Byline: MICHAEL LYNCH
THE red mist descended on Albert Park early yesterday afternoon. Michael Schumacher blitzed the field in a sizzling session to smash the qualifying lap record and snare pole position for today's Australian Grand Prix, setting up a Ferrari front row for the first time at the Melbourne race. The German triple world titleholder showed little ill effects from his spectacular smash and rollover in Friday's practice session as he obliterated last year's polewinning time of Mika Hakkinen's by nearly four seconds. In so doing, he scored the 33rd pole position of his career. Ferrari mechanics had worked through the night and early morning to rebuild his car, and they produced a rocket that allowed Schumacher to post a time of one minute 26.892 seconds. The session was red-flagged for a delay of several minutes after rookie driver Luciano Burti's Jaguar was destroyed in a heavy accident 12 minutes from the end. Wheels and body panels from his car were strewn over the track after it spun out of control following a failure in the car's rear and smashed into a concrete wall. The young Brazilian escaped injury and will take his place in today's race, starting 21st of the 22 contenders. Schumacher's run was more than 0.3 of a second quicker than his teammate Rubens Barrichello, who, although frustrated by having to abort a potentially quick run, took second spot in the incident-packed hour-long session with a best time of one minute 27.263. His preparation and setup had been compromised by an engine problem in the second practice session that restricted his track time. Schumacher's time was achieved thanks to massively improved Bridgestone tyres, which had been able to offset the newly introduced rule changes designed to slow the cars down. It was more than two seconds better than Jacques Villeneuve's previous best polesetting performance of 1.29.369, achieved in a Williams-Renault in 1997. Hakkinen, the Mercedes-McLaren star who has grabbed pole for the past three Australian GPs, suffered interference several times when he was attempting a flying lap in the closing minutes of the session. Hakkinen's 1:27.461 left him more than half a second down on Schumacher, who took his world championship last year. Jordan's Heinz-Harald Frentzen gave his team a terrific boost after a disappointing season 2000 when he made full use of his newly acquired factory Honda engine to take fourth spot with a run of 1:27.658, narrowly ahead of Ralf Schumacher's BMW-Williams (1:27.719) and Hakkinen's teammate David Coulthard, a disappointing sixth in 1:28.010. In a sign that fans of the sport will hope could be a harbinger for a more competitive season than last year, when Ferrari and McLaren routinely swept the front two rows of the grid, four different teams had drivers in the top five qualifiers and the five quickest cars were powered by four different engines (Ferrari, Mercedes, Honda and BMW respectively). For the past two years it has been the McLarens who held the Albert Park front row to little effect as both times they failed to finish the race. The Ferraris were able to finish first and second here in 2000, and despite McLaren's seeming pole position jinx, Schumacher, who posted his maiden Australian victory last season, is confident that the red cars are just right for him and Barrichello to repeat last year's performance. "I am very happy. Last year's car was good and this one is even better and this is a great achievement for Ferrari. My mechanics did a great job to give me a fast car today," Schumacher said. "I am surprised that we are around four seconds faster than last year. I expected it to be two or three seconds." Barrichello, who had been quickest in practice sessions and had topped the qualifying timesheet just one thousandth of a second faster than Schumacher, rued his lack of track time after being called into the car weigh-in area. Hakkinen and Coulthard are hoping this time the omens are with them given that they won't be on the Melbourne front row for the first time in years. "I didn't manage to get the best out of the car today but starting behind pole position provides us with a great opportunity to do well in the race. Unfortunately what I believed would have been a fast run was ruined when the red flags came out," said Hakkinen. THE GRID 1 M Schumacher (Ger) Ferrari 1 minute 26.892 seconds (pictured) 2 R Barrichello (Braz) Ferrari 1:27.263 3 M Hakkinen (Fin) McLaren 1:27.461 4 H Frentzen (Ger) Jordan 1:27.658 5 R Schumacher (Ger) BMW Williams 1:27.719 6 D Coulthard (GB) McLaren 1:28.010 7 J Trulli (It) Jordan 1:28.377 8 J Villeneuve (Can) BAR 1:28.435 9 O Panis (Fr) BAR 1:28.518 10 N Heidfeld (Ger) Sauber 1:28.615 11 J Montoya (Col) BMW Williams 1:28.738 12 E Irvine (GB) Jaguar 1:28.965 13 K Raikkonen (Fin) Sauber 1:28.993 14 J Alesi (Fra) Prost 1:29.893 15 J Verstappen (Neth) Arrows 1:29.934 16 J Button (GB) Benetton 1:30.035 17 G Fisichella (It) Benetton 1:30.209 18 E Bernoldi (Braz) Arrows 1:30.520 19 F Alonso (Sp) Minardi 1:30.657 20 G Mazzacane (Arg) Prost 1:30.798 21 L Burti (Braz) Jaguar 1:30.978 22 T Marques (Braz) Minardi (Allowed to start race despite being outside 107 per cent qualifying time) GRAND PRIX SPECIAL INSIDE PAGE 13: Greg Baum. PAGE 14: Complete grid guide. Driver statistics. PAGE 15: Michael Schumacher - champion. The V8s. Schedule, transport guide. PAGE S 16/17: The Villeneuve view. PAGE 18: Ferrari - rebuilding the legend. PAGE 19: Crunch time for Eddie Jordan. The cash-guzzlers.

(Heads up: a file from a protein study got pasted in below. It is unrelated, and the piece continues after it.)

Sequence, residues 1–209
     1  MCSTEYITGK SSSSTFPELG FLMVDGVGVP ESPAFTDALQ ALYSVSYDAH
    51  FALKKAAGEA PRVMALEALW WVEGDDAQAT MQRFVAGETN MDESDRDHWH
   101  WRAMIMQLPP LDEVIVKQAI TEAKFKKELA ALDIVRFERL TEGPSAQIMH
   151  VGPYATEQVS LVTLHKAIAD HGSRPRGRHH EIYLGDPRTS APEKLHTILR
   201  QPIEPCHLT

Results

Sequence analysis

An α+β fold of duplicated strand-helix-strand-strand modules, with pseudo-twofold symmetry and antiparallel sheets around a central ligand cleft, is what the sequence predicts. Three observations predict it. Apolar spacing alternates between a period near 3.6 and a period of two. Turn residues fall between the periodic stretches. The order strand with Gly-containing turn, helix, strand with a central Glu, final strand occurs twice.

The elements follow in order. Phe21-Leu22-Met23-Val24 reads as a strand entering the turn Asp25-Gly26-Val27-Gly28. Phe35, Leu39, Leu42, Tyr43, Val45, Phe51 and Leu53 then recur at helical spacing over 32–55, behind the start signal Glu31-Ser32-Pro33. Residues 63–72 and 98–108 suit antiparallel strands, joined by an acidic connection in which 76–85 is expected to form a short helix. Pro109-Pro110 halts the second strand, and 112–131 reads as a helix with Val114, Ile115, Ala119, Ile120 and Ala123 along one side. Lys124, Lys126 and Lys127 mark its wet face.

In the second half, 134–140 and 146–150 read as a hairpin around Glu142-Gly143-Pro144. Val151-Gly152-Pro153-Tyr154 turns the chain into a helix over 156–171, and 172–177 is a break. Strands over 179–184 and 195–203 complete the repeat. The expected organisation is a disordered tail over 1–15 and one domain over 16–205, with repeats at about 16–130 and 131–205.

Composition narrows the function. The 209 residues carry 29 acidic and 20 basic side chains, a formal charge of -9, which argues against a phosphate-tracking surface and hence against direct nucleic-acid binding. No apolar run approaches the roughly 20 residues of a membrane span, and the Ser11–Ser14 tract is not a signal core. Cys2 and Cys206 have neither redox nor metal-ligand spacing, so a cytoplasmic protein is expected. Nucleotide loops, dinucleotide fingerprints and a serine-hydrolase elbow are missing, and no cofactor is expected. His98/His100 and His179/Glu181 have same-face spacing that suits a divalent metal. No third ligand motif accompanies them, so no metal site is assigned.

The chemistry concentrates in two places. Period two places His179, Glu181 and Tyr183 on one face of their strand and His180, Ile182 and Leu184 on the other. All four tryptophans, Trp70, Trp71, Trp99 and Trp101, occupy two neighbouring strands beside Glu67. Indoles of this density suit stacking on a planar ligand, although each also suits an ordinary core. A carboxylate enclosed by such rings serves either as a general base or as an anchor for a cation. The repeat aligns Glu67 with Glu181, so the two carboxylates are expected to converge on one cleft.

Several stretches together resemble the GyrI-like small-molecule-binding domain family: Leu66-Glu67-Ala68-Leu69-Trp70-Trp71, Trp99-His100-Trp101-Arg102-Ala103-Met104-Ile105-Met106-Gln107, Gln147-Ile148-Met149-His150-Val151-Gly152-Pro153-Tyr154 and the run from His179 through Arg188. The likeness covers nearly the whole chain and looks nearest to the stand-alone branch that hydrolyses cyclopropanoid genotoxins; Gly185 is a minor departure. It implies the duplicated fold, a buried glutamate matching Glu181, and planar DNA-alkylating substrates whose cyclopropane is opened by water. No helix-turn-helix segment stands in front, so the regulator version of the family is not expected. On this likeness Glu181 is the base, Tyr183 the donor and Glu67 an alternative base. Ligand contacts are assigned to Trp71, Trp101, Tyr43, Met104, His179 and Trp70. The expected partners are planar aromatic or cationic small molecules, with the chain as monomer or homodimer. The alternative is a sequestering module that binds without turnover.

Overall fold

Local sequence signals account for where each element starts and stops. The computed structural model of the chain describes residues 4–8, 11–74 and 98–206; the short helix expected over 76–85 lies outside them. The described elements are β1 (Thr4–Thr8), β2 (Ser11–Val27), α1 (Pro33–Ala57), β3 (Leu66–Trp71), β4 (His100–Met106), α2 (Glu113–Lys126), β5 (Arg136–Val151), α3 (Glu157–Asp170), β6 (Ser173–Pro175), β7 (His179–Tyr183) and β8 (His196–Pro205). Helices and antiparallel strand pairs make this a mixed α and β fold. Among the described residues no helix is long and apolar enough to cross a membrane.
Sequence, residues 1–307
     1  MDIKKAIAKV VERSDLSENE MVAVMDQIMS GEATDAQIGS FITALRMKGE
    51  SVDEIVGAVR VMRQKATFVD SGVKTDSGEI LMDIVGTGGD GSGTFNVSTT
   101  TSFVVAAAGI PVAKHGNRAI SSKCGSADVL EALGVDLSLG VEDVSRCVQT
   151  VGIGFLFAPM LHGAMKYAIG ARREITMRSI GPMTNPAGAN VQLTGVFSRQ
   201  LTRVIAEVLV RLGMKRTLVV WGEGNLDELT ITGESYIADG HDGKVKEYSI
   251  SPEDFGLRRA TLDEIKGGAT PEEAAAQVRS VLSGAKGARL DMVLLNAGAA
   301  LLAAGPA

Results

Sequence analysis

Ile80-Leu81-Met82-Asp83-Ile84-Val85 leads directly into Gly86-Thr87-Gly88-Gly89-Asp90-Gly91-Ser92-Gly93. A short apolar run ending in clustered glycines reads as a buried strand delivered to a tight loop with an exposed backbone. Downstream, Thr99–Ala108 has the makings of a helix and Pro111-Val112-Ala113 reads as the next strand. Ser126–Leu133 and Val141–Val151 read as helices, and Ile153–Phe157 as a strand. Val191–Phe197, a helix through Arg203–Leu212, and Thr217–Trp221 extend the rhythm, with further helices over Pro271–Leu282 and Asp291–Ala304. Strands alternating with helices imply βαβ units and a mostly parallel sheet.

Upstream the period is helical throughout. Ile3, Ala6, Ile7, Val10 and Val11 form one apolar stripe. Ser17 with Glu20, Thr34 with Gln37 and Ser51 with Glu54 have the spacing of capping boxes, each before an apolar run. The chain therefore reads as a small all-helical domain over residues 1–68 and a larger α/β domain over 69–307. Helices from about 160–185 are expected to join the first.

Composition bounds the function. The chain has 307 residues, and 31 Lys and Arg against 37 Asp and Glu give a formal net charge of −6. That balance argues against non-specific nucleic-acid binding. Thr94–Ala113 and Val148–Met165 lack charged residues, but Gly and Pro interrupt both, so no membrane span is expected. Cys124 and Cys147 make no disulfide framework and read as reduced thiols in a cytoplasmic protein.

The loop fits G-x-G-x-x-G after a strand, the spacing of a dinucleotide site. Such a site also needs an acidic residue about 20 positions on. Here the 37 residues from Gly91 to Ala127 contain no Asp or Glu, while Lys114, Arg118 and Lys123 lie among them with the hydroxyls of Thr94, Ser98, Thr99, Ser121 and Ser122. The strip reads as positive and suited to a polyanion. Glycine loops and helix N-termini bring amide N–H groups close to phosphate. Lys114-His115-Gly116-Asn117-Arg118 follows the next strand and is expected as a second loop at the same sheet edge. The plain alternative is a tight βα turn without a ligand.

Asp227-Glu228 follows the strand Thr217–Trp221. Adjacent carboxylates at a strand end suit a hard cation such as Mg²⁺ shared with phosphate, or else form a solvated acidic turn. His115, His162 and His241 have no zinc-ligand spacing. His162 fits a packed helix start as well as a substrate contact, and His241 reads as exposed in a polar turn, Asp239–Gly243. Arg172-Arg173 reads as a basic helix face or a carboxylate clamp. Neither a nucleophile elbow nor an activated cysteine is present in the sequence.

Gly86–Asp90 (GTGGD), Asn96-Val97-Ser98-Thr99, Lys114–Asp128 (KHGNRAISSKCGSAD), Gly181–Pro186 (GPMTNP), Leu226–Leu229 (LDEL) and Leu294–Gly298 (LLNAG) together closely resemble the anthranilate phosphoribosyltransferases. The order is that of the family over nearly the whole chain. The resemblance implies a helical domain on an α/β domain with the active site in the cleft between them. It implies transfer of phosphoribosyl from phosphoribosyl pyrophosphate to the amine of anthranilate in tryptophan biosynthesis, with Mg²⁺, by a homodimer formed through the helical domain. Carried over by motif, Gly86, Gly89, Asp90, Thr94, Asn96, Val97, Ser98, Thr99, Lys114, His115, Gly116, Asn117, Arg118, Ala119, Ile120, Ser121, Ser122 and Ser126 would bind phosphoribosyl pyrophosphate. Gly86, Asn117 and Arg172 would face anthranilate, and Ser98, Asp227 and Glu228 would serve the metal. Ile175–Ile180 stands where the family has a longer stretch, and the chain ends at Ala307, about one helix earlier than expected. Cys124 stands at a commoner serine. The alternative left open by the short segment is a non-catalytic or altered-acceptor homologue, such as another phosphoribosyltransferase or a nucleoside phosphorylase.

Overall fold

CAPTION(S):Two photos: Off-road racing: Tarso Marques gets off course at Albert Park yesterday during qualifying for the Australian Grand Prix. Picture: JOHN FRENCH